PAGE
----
“We felt it was important to make sure the owner and architect liked what we were doing by not making design decisions on our own,” McKinley says. “Some jobs you know what to do, but on this one we wanted to make sure the architect liked it. We figured out details to make it work for integrity and water intrusion, but also to give the architect the look he wanted. We figured out the details on our own because those typically aren’t specified.” Edge metal was fabricated by McKinley’s crew. “We love working with PAC-CLAD,” McKinley says. “They have superior products, and the technical help Petersen provides is very valuable.”

TEAM

Architect: Fitzpatrick Architects in Tyler, Texas, https://fitzpatrickarchitects.com

Roofing Contractor: Curtis-McKinley Roofing and Sheet Metal, Longview, Texas, www.curtismckinleyroofing.com

MATERIALS

Roof Panels: Snap-Clad 22-gauge steel finished in PAC-CLAD Slate Gray color, Petersen, www.pac-clad.com

Metal Tiles: Precision Series TS Tile, .023 aluminum finished in anodized dark bronze, Petersen

Award-Winning Re-Roofing Project Showcases Quality Workmanship

Photo: Duro-Last

Replacing the roof on an occupied building with multiple tenants means not only meeting the needs of the building owner but several other businesses as well. When the roof is high above a busy metro area, the job can be even more demanding, but when the failing roof on a CBRE Group high-rise in Cambridge, Massachusetts, needed to be replaced, Commonwealth Building Systems was up to the challenge.

Located near the Longfellow bridge across the Charles River from downtown Boston, the building houses a variety of business and retail tenants. RMX Northeast Inc., the consultant on the project, specified the use of a PVC roofing system from Duro-Last to replace the existing stone-ballasted system and invited local contractors to bid on the project. Commonwealth Building Systems of Rockland, Massachusetts was awarded the job.

Photo: Duro-Last

Commonwealth is a commercial roofing and sheet metal contractor that focuses on the Boston and Cambridge area. Daniel Hulverson, principal at Commonwealth Building Systems, knew the logistics on the project would be a challenge. Due to construction taking place on the Longfellow Bridge at the time of the project, traffic in the area was diverted around the building, and use of a crane was limited to Saturdays. The Commonwealth team commissioned the use of a 300-ton crane on two consecutive weekends to remove the stone ballast, pavers, and existing EPDM membrane from the 180-foot-tall, multi-level roof.

“The ballast removal was probably the hardest part of the project,” Hulverson recalls. “We couldn’t do any work doing the week because of the tenants for one, because of the noise, and the Longfellow Bridge was under construction at the time. It was actually closed, so traffic was pretty much a nightmare.”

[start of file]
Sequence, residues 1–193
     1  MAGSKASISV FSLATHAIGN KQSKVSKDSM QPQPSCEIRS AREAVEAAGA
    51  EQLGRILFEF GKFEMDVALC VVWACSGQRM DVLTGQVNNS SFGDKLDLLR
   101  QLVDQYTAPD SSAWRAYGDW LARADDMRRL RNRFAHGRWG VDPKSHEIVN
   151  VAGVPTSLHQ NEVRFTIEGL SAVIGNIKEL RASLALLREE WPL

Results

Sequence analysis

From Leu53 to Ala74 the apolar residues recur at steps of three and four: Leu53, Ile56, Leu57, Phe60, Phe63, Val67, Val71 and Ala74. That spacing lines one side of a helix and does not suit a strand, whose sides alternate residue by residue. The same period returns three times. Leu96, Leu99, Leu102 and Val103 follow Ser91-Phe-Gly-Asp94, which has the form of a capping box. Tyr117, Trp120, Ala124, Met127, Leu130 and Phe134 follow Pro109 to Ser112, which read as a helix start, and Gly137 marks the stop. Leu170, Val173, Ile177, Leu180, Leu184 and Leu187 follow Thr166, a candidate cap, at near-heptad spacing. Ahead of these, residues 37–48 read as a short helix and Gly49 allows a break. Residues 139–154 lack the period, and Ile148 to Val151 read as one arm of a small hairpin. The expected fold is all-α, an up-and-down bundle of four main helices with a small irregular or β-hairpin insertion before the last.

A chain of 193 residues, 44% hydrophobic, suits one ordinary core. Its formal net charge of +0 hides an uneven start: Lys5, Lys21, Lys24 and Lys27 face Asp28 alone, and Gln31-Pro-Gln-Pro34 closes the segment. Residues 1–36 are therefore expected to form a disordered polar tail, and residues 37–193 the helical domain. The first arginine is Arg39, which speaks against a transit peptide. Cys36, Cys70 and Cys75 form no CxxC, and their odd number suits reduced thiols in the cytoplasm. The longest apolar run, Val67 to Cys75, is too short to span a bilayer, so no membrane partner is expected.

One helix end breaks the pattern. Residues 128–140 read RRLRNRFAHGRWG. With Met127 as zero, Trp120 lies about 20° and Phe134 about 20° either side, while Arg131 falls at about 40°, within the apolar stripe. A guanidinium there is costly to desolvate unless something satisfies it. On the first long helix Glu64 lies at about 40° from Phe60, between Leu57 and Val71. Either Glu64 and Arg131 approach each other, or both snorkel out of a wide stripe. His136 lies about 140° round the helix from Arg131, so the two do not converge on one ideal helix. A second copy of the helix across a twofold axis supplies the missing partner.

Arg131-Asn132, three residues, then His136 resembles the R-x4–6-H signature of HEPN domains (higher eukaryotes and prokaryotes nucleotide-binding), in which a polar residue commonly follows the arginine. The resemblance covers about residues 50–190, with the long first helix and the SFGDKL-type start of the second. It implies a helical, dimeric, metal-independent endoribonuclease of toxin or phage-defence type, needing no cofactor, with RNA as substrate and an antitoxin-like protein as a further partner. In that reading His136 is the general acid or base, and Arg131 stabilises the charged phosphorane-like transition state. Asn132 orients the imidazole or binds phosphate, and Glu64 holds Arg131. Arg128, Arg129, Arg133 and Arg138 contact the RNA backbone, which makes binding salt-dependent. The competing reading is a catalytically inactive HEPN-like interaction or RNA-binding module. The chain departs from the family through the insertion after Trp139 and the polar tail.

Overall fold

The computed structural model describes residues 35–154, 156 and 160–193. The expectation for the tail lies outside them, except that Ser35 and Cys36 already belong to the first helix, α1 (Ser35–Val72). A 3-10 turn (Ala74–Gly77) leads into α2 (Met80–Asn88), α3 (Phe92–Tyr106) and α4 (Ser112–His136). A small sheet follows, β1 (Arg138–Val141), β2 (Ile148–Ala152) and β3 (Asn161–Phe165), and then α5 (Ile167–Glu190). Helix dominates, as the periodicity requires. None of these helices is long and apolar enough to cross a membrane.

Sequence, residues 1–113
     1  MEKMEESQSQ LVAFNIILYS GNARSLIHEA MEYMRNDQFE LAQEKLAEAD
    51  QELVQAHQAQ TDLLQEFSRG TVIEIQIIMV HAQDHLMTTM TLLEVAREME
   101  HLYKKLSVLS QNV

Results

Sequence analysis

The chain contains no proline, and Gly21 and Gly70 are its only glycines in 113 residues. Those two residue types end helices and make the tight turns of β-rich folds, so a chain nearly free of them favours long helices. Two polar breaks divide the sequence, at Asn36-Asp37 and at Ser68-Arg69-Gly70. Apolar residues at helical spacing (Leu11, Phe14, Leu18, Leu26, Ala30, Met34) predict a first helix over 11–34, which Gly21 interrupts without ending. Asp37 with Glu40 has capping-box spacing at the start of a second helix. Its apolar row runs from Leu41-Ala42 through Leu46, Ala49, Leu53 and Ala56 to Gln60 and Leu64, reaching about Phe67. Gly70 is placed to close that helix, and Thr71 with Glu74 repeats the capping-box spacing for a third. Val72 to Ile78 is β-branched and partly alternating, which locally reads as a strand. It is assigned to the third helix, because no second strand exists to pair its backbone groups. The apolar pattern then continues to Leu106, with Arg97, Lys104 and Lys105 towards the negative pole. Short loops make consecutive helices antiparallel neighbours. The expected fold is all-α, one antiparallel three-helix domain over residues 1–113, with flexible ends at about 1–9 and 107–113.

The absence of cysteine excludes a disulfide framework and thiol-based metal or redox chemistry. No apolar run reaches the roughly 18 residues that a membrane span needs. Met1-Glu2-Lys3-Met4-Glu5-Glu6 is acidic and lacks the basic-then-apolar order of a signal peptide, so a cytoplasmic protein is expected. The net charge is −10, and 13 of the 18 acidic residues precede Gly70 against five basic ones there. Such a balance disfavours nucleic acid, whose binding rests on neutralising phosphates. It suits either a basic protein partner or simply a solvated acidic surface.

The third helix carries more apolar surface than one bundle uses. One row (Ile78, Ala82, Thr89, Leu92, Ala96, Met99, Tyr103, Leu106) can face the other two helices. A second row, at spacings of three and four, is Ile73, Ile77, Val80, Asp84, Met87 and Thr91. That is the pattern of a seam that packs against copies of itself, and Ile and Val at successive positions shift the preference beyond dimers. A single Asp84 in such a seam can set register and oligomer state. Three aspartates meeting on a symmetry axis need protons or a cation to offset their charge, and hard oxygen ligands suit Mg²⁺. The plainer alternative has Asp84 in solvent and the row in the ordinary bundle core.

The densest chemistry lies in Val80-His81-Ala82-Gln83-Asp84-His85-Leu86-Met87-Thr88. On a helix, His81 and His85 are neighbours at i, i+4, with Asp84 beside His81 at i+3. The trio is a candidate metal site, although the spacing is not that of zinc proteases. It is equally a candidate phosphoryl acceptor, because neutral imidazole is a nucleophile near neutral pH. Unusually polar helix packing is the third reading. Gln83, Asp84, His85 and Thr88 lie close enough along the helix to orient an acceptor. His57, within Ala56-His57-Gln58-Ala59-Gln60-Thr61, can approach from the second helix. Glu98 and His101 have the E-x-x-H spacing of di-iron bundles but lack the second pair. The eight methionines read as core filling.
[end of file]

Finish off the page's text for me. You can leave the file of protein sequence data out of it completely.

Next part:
R.K. Hydrovac was called in to remove the stone ballast. The crane was used to hoist the vacuum hoses to the roof. “It was quite an undertaking on their end,” Hulverson says. “We got the stone ballast off and got all of the stock up there on two consecutive weekends. Actually, after the first weekend we were able to get started roofing. We stockpiled all of the trash and got most of the trash off on the second weekend. We had a couple more crane days to get trash out at the end, so we had maybe four of five crane setups in all.”

A Custom Solution

The new roofing system was designed to stand up to the area’s high winds. Leaving the existing insulation in place, the Commonwealth crew covered each roof area with 2 additional inches of Duro-Guard ISO II insulation, which was mechanically attached. The upper roof was above a steel deck, and the lower roof covered a concrete deck, so different fasters were used, but the fastening patterns were identical.

After the existing ballasted EPDM system was removed, crews installed a thermoplastic roof system manufactured by Duro-Last. Photo: Duro-Last

After the insulation was in place, the Duro-Last PVC membrane was attached using the Duro-Bond induction welding system. The membrane is delivered custom fabricated to fit the site. “Duro-Last comes out and pre-measures the job with our assistance, and then the sheets are made,” Hulverson says. “They give you a map and tell you where the sheets go. They measure around all of the penetrations, and everything is pre-cut. It’s pretty cool how it comes out. The rolls are listed A, B, C, D, and so on, and you just kick out the rolls and weld them in place. The sheets are pre-welded at any laps, so it reduces the amount of welding you are doing on the job and saves time.”

The Duro-Bond system uses specially coated plates that are screwed down to the deck before the membrane is put in place. The membrane is adhered to the plates using an induction welder.

Work began on the upper level and moved down to the lower level. “We went from side to side, working our way toward where the crane setup was going to be,” Hulverson explains